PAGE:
Rita: „There is a bottleneck in distribution? I don’t think the problem is distribution. Go back to the topic of education. If consumers don’t know they exist and what they can do because the voice of users has not been heard, you can’t distribute that which is not increasing in sales. You need demand in order to have supply to distribute. Cost/benefit still must be proven – but in order to be proven, the products have to be known and understood. Hard to do when people don’t know what they are and what they can do, and understanding the benefits (and challenges) of implementing them – because the companies implementing exos are not talking about them outside of the ergonomics community and the users are not visible. It is a secret story amongst those of us in the exo society. It can’t be a story told by ergonomists or a vendor, particularly when vendors [some] will take a pot shot at another exo. For example, in a recent interview, both the interviewer and interviewee went off to knock powered exoskeletons. Not good for the industry. The passive exoskeleton company should not take a shot at their competition nor the powered products. At least not yet, now while the market is trying to develop a personality of some sort. Bad for business for everyone. So I would say, the industry is a bottleneck for itself. Cost is a bottleneck. Lack of understanding what they are, is a bottleneck. Acquisition policies are a bottleneck. Vicious cycle. The story needs the voice of the users, the voice of the companies talking about the cost and morale benefits. The practicality of the use cases. Academics and professional communities can’t tell the story to the people that need to hear it by themselves. It is conceivable that a solid Trade or Association that isn’t a „good ole boy“ network could help. But we aren’t there yet. I say the community is part of the bottleneck.“

What impact can exoskeletons have for the military / police and rescue forces in the future?

Rita: „This is another one of those TBD and we need several months of me teaching the politics of science to make any sense. The military and civil defense markets are two different animals:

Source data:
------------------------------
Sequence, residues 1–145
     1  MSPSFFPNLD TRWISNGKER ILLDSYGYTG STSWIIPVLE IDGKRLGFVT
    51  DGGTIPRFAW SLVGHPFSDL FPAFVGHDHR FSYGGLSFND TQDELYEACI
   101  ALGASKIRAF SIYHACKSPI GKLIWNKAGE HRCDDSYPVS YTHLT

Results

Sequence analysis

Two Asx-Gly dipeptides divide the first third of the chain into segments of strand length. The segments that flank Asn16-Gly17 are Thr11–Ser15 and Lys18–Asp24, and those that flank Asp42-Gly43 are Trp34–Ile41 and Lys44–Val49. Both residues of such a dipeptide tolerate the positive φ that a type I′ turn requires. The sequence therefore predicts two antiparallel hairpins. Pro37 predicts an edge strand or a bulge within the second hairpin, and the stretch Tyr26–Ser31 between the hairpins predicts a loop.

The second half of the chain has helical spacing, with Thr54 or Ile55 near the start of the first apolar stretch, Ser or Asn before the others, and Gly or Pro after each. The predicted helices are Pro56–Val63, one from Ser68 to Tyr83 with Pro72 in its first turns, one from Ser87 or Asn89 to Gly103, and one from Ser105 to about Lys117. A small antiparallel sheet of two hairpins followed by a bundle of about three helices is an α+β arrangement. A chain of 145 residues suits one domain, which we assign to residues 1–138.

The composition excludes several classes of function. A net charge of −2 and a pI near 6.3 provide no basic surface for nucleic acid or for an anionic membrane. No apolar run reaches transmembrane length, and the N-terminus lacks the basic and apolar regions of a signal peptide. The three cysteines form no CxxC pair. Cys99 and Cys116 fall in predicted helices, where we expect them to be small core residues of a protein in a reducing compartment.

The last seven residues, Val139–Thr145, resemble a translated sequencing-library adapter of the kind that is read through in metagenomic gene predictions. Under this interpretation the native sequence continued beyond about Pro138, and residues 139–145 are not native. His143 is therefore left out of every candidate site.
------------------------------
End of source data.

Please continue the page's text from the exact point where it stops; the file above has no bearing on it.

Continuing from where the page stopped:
a)    Military – it depends on what you want them to do and why. How they are classified also matters – are they PPE? Are they „Clothing and Individual Equipment (CIE), are they tools or robotics? How they could impact depends on how they are classified. Then there is the issue of „concept of use“ – what do you want to use them FOR and how. Military is divided in 4 components that further define the occupations. DoD has been testing or developing exoskeletons since the late 1990’s. They are a hard „sell“ (re: the classifications). And when you consider all the items the „art of war or protection“ involves, and how poorly the industry has approached defense because they don’t understand the „Politics, Policy and Science“ triology, they have done themselves a disservice, that makes it harder for defense to take exos more seriously. If you push for a  combat use, wearing an exo as they currently exist is dangerous for the operators, so it’s a waste of time and money to even try – TALOS proved that. The “industry” has done a poor job of being able to translate the cost/benefit that exos in general (not by brand but by industry function, task and benefit to the users, cost benefits to the companies adopting the systems) into what it would mean for DoD if military staff – uniformed and civilian – used exoskeletons on a more regular basis. Because users of exos don’t share the knowledge (not the vendors but the companies and the users) – manufacturing, warehouse and logistics, there is very little incentive for the military to use them or want to spend money in trying to find out. There is a feeling of “call me when they are out there, more people are using them and we can clearly see the benefit” as opposed to “don’t call me to get more research money so that you can make your commercial product better, and I still don’t see the value for me”. Exoskeletons have not proven themselves to be worthy of adoption. I have been trying for decades now, and it’s a hard sell. And you have to deal with the exo corporate egos and grudges. Makes it harder. The politics of science can’t be stated enough. Politics, policy and science. Navigate them well, so that the benefits of using these technologies in the right environment can show how they will have a positive impact on reducing pain and musculoskeletal degradation. We know they work. It’s hard to convince the decision makers. The National Academies think they can do this. Good luck. There is a lot more at stake than a National Academies or other esoteric studies to turn this tide. Politics matter.